Compiling a body of work from the past several years of the artist’s practice, Michael Benevento in Los Angeles is offering a broad look at the recent practice of Olaf Breuning, exploring the artist’s interest in vastly differing modes of production, and the thematic interests that unify his work.
The exhibition is anchored by selections from the artist’s ongoing Life series, massive aluminum panels emblazoned with free-associative prints colliding people, food, balloons, texts and iconography that would feel quite at home in any stock image catalog. Allowing the often laconic gaze of his models to collide with their vividly high-definition photographic reproductions, Breuning seems fascinated with life as a production of its own, a challenge to the gap between the vibrant life his models must live off camera (or even hint at on camera with their cartoonish props and occasionally bizarre poses).
Adjacent to these works are a series of ink drawings on paper, notably more withdrawn in their execution and scale, but also far more animated (pun not intended) in terms of their subject matter and action. A Lot Of Animals Are Looking Good On A Carpet, for instance, is so subdued in its treatment of his whimsical subjects that the viewer may find themselves moved to sudden spurts of laughter, while in another, Hollywood Girls, the artist shows a series of bikini-clad figures sucked down a massive drainpipe at the bottom of a desert-side swimming pool. Countering the dead-eyed gaze and slouching poses of his prints, the drawings on view seem to offer a second-side to Breuning’s recent practice. Where the Life series documents a subtle inflection of the surreal on the human body, the nearby drawings seem to work in reverse, charging animated works with an abundance of living energy and movement.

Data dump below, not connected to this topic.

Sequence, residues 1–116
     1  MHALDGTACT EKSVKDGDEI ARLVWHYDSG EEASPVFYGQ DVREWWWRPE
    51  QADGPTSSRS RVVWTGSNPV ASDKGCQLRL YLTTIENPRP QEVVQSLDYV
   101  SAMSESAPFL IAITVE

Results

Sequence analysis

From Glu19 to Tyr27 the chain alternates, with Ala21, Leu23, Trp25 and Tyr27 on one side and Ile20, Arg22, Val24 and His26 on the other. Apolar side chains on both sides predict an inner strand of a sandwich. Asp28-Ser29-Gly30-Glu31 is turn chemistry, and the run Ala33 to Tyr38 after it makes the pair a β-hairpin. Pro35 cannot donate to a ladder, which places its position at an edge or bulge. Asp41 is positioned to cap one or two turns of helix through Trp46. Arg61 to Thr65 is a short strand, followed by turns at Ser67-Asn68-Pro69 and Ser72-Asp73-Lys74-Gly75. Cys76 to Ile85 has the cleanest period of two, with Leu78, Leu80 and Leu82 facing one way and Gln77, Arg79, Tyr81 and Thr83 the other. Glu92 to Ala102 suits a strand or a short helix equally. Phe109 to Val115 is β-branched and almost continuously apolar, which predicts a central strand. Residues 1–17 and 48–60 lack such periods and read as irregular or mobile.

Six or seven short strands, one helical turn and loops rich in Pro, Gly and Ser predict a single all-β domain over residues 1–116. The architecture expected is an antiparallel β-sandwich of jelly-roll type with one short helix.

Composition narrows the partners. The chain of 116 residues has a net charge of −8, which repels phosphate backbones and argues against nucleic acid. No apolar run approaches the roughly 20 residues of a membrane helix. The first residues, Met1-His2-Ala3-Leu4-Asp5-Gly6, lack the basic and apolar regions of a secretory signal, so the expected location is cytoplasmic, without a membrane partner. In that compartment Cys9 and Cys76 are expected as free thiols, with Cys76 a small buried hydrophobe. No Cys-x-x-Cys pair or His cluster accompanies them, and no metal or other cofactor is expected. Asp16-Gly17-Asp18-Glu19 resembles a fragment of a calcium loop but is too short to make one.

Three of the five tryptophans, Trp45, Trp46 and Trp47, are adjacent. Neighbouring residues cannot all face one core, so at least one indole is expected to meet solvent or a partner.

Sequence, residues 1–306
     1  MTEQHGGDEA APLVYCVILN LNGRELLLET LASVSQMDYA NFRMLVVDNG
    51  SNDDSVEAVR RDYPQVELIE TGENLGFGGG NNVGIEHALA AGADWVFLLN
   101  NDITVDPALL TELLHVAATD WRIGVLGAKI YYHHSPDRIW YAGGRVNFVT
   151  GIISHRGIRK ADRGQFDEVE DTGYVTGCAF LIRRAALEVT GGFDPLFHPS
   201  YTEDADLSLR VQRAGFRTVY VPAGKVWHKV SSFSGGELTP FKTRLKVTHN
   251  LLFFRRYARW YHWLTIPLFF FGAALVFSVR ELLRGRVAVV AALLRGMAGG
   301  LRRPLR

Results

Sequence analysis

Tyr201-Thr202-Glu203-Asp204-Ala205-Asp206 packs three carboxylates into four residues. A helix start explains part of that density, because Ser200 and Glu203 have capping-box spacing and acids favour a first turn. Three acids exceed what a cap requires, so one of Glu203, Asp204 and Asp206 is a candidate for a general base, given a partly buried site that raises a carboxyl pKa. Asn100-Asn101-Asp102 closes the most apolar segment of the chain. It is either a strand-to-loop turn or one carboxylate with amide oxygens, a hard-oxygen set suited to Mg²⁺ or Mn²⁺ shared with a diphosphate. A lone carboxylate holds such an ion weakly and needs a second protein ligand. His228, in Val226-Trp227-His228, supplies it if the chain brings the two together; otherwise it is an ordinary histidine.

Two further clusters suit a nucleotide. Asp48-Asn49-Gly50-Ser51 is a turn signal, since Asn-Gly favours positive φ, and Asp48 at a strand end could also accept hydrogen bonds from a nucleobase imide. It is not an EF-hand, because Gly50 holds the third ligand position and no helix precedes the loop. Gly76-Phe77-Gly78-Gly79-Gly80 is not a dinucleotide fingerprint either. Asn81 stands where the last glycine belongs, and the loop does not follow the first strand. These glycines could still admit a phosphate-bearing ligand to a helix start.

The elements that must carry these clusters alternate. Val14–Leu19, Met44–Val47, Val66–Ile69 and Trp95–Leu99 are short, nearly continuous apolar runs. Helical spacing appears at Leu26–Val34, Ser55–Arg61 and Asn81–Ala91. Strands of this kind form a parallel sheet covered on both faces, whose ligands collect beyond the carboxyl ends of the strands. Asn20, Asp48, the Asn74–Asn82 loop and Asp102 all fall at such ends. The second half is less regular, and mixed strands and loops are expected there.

Accompanying these works is the artist’s Home trilogy, completed in 2012, and shown here in its complete hour and a half runtime. Suspending the sole character somewhere between the poles of the other two series on view, Home seems to explore a weirdly surreal experience of modern life, sending actor Brian Kerstetter’s icily blue-eyed character on a journey around the world, encountering the conditions of modernity and the people living it out day by day. Using the character as a momentary inversion of the artist’s own person, Home seems a key of sorts to the exhibition, a study of the artist’s experience in the world, and his efforts to turn his experiences towards a new direction.
The exhibition is on view through July 30th.
— D. Creahan
Olaf Breuning at Michael Benevento [Exhibition Site]